- The Washington Times - Friday, September 14, 2007

LONDON (AP) — Britain’s latest foot-and-mouth outbreak is the same strain as last month’s, according to initial test results yesterday that gave farmers hope that the disease could be contained in a small region.

If the strain turns out to be different, Britain”s farmers — who are already reeling from the earlier outbreak as well as floods this summer — could lose more of their livestock.

In a larger outbreak in 2001, thousands of cattle, sheep and pig carcasses were burned on large pyres across the country. The farming industry lost millions in revenue.

A nationwide ban on the movement of livestock is in effect. The European Union has also suspended all imports of British beef and pork.

“The whole of England is back at a standstill. This is very bad news for the British farming industry,” Sally Shepherd, a farmer in Surrey, told the British Broadcasting Corp.

Restrictions on the cattle industry had only been lifted for five days when the latest case of foot-and-mouth was discovered in cattle grazing in the county of Surrey, about 10 miles from the laboratory that was linked to the August outbreak.

The government denied accusations that the country”s chief veterinarian, Debby Reynolds, was pressured by political and economic interests to lift restrictions early after the first outbreak of the disease.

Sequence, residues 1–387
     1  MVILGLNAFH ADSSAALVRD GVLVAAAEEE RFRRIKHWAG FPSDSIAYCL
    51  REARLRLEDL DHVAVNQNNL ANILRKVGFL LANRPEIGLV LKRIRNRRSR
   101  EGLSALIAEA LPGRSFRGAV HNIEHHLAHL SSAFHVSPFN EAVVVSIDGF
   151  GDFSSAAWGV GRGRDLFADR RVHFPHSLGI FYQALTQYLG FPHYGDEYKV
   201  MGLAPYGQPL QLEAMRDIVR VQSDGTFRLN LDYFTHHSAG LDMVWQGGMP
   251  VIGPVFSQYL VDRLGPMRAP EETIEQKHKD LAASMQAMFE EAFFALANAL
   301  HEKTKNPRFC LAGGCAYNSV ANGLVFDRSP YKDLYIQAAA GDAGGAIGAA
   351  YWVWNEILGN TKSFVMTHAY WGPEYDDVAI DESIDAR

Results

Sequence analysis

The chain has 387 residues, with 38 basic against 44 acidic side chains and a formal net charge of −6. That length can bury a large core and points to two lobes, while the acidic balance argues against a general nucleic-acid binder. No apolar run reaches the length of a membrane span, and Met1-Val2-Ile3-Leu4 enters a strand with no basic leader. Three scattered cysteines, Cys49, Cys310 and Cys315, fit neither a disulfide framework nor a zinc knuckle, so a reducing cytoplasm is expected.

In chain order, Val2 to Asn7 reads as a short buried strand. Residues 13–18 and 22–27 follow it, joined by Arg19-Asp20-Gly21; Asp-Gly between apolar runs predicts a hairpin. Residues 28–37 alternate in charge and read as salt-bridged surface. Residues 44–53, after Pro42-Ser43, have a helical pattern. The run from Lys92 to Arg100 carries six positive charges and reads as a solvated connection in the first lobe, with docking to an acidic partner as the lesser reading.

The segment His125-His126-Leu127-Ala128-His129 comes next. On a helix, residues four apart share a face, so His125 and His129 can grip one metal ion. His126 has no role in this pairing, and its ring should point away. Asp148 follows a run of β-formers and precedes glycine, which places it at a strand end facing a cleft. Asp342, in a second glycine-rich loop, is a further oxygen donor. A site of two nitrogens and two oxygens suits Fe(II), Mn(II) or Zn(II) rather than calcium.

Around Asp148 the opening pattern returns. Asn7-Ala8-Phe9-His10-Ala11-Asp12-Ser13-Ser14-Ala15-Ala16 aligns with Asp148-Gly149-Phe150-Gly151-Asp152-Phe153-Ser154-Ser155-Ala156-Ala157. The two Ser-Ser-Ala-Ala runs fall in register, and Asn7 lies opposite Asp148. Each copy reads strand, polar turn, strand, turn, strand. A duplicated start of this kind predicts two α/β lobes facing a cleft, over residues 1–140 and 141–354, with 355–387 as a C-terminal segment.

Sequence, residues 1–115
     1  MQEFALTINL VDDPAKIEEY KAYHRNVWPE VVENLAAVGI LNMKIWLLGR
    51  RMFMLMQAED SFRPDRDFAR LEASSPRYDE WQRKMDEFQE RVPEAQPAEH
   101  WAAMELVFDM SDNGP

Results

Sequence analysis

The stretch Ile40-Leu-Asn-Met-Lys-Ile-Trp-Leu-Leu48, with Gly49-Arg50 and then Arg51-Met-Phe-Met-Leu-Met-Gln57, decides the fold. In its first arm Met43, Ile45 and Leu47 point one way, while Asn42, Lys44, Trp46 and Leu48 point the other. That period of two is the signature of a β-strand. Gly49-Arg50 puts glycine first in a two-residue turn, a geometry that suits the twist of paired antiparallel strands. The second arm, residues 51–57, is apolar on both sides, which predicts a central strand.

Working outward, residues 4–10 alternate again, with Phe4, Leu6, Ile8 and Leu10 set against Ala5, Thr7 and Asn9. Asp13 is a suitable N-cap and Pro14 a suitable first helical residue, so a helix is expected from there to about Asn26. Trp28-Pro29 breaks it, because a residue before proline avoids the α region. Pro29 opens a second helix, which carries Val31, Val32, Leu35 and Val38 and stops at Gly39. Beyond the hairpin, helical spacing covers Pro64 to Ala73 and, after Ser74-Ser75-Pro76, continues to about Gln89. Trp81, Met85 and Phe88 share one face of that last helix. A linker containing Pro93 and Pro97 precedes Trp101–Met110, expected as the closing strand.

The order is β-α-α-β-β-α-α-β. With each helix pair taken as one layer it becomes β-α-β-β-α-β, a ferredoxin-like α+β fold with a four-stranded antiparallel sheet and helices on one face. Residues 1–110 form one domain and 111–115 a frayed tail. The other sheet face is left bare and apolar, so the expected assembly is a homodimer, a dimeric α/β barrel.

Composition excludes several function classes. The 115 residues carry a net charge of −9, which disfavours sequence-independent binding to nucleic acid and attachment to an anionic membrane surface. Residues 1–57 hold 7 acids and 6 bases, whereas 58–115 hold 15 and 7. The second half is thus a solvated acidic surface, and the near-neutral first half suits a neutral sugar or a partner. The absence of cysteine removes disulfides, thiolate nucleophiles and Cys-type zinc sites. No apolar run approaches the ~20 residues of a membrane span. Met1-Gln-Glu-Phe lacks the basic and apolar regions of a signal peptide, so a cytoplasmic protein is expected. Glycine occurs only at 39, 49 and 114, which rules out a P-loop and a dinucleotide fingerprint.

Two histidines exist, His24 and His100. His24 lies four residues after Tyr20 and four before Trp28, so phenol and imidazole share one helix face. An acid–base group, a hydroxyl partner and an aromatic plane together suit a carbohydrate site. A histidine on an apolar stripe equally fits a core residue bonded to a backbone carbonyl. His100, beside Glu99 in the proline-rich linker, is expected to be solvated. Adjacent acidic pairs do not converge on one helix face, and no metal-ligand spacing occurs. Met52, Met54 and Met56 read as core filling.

“This was a decision that was made on the basis of scientific evidence,” Prime Minister Gordon Brown”s official spokesman, Michael Ellam, said.

The government said it waited 30 days after confirming the last known case of the disease before giving the all clear.

Foot-and-mouth disease, sometimes referred to as hoof-and-mouth disease, is a highly contagious virus that is harmless to humans but devastating to cattle, swine and other cloven-hooved animals.

The disease is not to be confused with mad cow disease, or bovine spongiform encephalopathy (BSE), which is a brain-destroying illness.

Foot-and-mouth has an incubation period of two to 14 days in animals. But it can survive for up to 50 days in water and can be transferred by tractors and other farm vehicles.

Some experts said the government should vaccinate animals to prevent the spread, not simply rely on slaughter.

“You attempted to control this by slaughter policy alone; it clearly has failed,” said Robin Maynard, a spokesman for the Soil Association, an independent group that certifies organic farms.

But if the government decides to vaccinate the animals, it would take longer to resume crucial meat exports to the European Union.

The government set up a six-mile containment zone around the farm near Egham that includes Heathrow Airport and Queen Elizabeth II”s Windsor Castle. Egham is 25 miles southwest of London.

The August outbreak was centered near the government-funded Institute for Animal Health, a diagnostic laboratory, and vaccine maker Merial Animal Health, a British unit of the U.S.-French pharmaceutical firm Merial Ltd.

The government imposed a nationwide ban on all livestock movement and ordered the slaughter of 300 cattle and pigs in the affected area, Ms. Reynolds said.

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